European Endive Producers May Face Price-Fixing Fines
The Court of Justice of the European Union (ECJ) has issued a ruling that may result in price-fixing fines of up to $5 million for 18 endive producers alleged to have created a “complex and continuous cartel” intended to enforce minimum producer prices. President of the Autorité de la concurrence v. Assoc. des producteurs vendeurs d’endives, No. C-671/15 (E.C.R., entered November 14, 2017). The dispute began in 2007 after French officials for consumer affairs and fraud prevention referred an investigation of industry practices to the French Competition Authority (FCA). After an appeals court reversal holding that the producers had not engaged in price-fixing, FCA brought an appeal in cassation; that court stayed proceedings and asked the ECJ for a preliminary ruling on the matter.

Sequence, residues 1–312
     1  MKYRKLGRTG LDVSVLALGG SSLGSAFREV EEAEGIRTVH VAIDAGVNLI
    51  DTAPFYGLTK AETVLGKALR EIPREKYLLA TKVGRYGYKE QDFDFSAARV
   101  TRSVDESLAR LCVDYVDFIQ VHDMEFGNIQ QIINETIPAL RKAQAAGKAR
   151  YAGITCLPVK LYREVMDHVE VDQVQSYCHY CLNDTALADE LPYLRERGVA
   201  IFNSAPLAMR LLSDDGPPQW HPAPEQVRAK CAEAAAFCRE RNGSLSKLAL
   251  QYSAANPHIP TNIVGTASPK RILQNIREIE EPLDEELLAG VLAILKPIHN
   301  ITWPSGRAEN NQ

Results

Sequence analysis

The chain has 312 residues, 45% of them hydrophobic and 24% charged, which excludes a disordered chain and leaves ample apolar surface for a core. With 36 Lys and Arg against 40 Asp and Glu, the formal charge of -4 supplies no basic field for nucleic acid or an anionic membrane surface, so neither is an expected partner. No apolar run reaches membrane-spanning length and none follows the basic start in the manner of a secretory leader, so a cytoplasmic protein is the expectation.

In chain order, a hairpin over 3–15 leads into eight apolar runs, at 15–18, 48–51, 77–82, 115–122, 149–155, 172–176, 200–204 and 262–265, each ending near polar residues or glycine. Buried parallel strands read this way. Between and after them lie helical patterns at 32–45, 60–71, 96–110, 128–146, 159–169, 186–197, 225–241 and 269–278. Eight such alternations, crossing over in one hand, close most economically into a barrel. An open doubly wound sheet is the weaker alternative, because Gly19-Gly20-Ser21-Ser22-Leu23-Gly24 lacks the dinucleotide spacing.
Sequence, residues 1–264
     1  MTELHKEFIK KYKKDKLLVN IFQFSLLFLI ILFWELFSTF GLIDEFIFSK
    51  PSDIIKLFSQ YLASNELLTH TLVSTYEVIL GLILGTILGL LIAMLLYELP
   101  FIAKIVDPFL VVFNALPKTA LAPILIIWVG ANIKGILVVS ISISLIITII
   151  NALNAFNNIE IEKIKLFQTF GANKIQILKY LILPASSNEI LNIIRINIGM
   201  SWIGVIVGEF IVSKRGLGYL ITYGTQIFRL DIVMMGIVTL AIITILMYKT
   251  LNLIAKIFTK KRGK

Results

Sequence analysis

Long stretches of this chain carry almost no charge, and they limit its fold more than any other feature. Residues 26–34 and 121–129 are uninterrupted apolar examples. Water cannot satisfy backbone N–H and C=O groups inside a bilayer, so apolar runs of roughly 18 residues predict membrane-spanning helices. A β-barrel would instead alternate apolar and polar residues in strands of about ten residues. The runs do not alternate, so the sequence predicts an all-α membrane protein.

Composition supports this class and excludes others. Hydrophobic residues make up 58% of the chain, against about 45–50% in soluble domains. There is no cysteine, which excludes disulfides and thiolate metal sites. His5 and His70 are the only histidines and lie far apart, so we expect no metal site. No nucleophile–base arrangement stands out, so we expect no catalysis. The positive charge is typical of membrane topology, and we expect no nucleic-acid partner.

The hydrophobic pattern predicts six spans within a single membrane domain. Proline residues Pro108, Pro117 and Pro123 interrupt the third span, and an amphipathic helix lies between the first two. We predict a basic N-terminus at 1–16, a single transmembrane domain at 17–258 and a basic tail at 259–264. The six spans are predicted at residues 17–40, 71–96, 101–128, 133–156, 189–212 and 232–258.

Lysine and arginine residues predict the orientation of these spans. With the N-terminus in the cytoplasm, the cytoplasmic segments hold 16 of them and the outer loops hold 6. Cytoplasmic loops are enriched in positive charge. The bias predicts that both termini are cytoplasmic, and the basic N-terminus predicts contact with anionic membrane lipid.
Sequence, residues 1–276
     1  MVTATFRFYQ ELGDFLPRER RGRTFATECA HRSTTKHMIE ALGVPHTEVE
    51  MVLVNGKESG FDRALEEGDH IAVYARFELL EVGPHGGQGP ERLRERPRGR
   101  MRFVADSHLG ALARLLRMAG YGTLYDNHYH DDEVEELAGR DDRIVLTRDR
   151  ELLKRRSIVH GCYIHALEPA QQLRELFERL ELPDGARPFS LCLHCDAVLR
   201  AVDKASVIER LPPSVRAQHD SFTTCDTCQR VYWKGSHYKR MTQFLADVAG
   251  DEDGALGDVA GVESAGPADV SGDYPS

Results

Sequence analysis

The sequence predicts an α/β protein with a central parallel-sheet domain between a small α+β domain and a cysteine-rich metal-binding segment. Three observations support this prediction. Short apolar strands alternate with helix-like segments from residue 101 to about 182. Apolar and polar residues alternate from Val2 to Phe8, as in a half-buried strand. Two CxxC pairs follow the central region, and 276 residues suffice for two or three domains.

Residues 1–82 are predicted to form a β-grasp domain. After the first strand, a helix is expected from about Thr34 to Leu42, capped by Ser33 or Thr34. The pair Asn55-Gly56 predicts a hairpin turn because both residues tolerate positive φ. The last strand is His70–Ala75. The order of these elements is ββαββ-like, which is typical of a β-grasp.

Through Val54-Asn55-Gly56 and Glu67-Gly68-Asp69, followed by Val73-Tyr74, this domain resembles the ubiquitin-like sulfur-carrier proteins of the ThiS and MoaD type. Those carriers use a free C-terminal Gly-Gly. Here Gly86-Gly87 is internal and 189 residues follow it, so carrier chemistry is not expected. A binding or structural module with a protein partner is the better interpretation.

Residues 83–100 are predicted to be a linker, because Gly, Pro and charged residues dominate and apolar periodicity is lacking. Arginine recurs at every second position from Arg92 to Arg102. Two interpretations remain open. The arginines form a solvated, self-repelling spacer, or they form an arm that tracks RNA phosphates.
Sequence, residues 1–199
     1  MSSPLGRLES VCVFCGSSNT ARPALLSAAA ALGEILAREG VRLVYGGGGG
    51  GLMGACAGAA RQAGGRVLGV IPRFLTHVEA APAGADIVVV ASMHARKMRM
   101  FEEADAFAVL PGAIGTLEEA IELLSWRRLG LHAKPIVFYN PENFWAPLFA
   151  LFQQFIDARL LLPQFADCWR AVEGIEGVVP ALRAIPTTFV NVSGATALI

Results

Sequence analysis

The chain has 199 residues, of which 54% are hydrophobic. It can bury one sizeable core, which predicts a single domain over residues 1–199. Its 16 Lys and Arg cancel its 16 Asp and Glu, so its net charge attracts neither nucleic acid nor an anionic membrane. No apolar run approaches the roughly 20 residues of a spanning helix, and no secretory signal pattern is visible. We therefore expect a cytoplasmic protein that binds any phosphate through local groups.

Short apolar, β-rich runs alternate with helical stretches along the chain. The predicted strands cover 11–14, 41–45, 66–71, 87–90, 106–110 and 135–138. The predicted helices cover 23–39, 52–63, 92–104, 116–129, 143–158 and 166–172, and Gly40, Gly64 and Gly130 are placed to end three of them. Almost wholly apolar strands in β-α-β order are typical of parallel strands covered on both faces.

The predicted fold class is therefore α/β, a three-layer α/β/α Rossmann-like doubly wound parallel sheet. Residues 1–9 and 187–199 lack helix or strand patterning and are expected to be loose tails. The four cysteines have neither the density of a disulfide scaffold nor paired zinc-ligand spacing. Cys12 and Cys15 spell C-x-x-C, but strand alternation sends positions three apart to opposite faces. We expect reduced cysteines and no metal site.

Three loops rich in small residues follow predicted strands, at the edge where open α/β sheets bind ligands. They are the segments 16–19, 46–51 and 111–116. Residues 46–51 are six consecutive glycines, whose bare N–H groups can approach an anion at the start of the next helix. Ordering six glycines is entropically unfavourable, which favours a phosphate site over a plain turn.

ECJ held that practices related to the collective fixing of prices, control of products or exchanges of strategic trade information violate the Treaty on the Functioning of the European Union if they involve entities not recognized by a member state “in order to achieve an objective defined by the EU legislature under the common organisation of the market concerned.” In this case, there was no official legislative objective. The case will return to the court of cassation for a final ruling.